As moves into , students said they are trying to keep an open mind concerning both sides, as they also try to keep up with their education.
"Our teachers tried to explain all of this to us in their point of view," said Cecilia Rasgado, a junior at LFHS. "It's very personal to them. … One of my teachers told us that in the past, his friends have stood up for something and he was very inspired by them."
"After hearing a lot of points of views, I feel like I understand why they see [the strike] as a good thing," Clare Martin, also a junior, added. "But also, it's our junior year and it's one of the most important years of high school, academically. It's taken a toll on us as individuals, so it's been hard."
Rasgado and Martin noted that they have been taking advantage of the college prep classes — which are offering students assistance on studying for their ACTs/SATs and writing their college essays — but attendance isn't mandatory, and they're concerned about making up for lost time once the strike is over and the traditional schedule resumes.
"I hope they don't get upset whatever the verdict is, and they don't just pile on homework," said Farah Hasahim, a sophomore at LFHS. "I know that [Advanced Placement] classes have a certain amount of stuff that they have to squeeze in."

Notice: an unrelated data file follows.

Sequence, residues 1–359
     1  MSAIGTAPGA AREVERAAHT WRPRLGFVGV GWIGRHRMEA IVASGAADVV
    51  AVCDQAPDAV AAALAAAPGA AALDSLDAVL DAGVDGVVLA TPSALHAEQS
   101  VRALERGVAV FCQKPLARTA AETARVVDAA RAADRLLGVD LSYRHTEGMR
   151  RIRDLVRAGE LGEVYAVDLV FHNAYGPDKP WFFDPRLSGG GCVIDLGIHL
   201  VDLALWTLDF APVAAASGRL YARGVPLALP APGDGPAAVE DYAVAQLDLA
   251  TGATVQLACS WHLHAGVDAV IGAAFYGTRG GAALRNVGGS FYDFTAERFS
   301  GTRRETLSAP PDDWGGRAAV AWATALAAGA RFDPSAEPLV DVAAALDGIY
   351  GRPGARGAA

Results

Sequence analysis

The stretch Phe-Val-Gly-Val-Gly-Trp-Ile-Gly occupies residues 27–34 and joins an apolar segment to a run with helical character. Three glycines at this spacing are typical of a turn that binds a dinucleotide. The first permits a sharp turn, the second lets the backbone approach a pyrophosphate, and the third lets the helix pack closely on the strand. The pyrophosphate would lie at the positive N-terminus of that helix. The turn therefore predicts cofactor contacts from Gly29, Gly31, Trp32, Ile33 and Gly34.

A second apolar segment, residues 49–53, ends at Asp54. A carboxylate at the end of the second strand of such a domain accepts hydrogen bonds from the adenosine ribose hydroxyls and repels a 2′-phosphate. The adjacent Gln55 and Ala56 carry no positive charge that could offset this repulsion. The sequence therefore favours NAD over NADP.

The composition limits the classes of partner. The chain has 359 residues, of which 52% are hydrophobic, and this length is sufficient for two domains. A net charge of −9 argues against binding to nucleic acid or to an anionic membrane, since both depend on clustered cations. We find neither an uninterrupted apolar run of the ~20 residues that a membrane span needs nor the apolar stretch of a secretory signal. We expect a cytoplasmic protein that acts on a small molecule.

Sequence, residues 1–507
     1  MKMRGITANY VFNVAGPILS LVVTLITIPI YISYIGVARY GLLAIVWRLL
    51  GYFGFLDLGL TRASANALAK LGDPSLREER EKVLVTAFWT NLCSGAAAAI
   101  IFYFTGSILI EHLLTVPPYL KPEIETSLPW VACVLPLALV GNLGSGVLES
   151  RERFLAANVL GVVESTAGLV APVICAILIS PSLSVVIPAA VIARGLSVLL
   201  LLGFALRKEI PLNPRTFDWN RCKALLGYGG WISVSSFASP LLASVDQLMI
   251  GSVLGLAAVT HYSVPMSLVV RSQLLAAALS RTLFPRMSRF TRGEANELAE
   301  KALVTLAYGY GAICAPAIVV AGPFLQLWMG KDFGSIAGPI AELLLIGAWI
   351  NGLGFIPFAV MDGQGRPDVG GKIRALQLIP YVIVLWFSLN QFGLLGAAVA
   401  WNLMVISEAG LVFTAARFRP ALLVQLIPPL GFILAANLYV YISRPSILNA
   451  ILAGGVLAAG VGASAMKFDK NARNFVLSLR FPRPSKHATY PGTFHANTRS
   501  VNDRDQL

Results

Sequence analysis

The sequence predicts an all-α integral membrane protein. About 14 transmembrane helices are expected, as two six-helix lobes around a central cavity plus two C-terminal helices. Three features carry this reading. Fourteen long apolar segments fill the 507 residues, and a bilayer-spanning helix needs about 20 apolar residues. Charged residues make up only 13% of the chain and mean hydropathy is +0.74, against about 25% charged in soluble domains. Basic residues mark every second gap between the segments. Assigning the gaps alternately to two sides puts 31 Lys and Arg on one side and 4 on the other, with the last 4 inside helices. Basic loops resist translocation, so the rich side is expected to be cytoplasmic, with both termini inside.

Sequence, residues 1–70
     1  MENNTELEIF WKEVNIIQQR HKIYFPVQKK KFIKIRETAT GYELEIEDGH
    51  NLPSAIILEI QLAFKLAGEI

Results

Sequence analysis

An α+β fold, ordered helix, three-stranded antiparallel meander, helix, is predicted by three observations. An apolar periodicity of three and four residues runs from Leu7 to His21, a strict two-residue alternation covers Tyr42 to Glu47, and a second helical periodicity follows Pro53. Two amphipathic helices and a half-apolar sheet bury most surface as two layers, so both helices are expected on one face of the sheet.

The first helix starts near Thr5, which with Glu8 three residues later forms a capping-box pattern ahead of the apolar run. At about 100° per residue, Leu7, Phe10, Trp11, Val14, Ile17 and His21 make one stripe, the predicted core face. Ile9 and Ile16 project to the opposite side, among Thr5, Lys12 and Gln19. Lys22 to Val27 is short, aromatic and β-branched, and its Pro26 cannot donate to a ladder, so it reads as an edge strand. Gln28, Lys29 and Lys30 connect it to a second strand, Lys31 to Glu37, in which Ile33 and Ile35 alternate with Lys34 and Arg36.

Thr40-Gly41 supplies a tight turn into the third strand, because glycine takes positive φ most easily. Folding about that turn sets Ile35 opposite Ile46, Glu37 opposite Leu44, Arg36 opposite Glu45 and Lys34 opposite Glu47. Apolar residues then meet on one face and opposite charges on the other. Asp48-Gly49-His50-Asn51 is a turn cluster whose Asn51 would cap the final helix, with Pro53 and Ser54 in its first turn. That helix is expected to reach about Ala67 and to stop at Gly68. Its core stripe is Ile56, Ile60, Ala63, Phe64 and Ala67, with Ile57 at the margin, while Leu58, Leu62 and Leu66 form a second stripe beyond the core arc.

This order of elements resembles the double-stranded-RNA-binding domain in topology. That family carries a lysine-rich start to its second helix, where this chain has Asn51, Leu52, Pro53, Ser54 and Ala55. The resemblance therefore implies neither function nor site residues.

LFHS students will have to make up the time missed during the strike later in the academic year.
The students noted that communication has been difficult throughout the duration of the strike, as they were told that teachers would not be responding to their emails, and they're relying on the school website (as well as other students' Facebook statuses) to keep them informed.
Lizzie Anderson, a sophomore at LFHS, noted that the strike has already begun to take a toll on students.
"There's a lot of rumors going around," Anderson said. "The first day, we were just happy we had a day off. If it goes on awhile, it will get very stressful to catch up."
Meg Martin agreed with Anderson, adding: "We haven't had a full week of school yet. I'm having trouble getting into the swing of things."
Hasahim, Anderson and Meg Martin noted that they'd been spending the time off trying to stay on top of their school work, attending sports practices (some of which have remained as scheduled), shopping and watching movies, while also striving to remain engaged and informed throughout the strike.
"I definitely understand both points of view," Claire Martin said. "I might be a little biased because I'm a student, but it's important to keep a well-rounded view."
Rasgado added, "I feel for everybody. I'm just going with the flow and hoping for the best."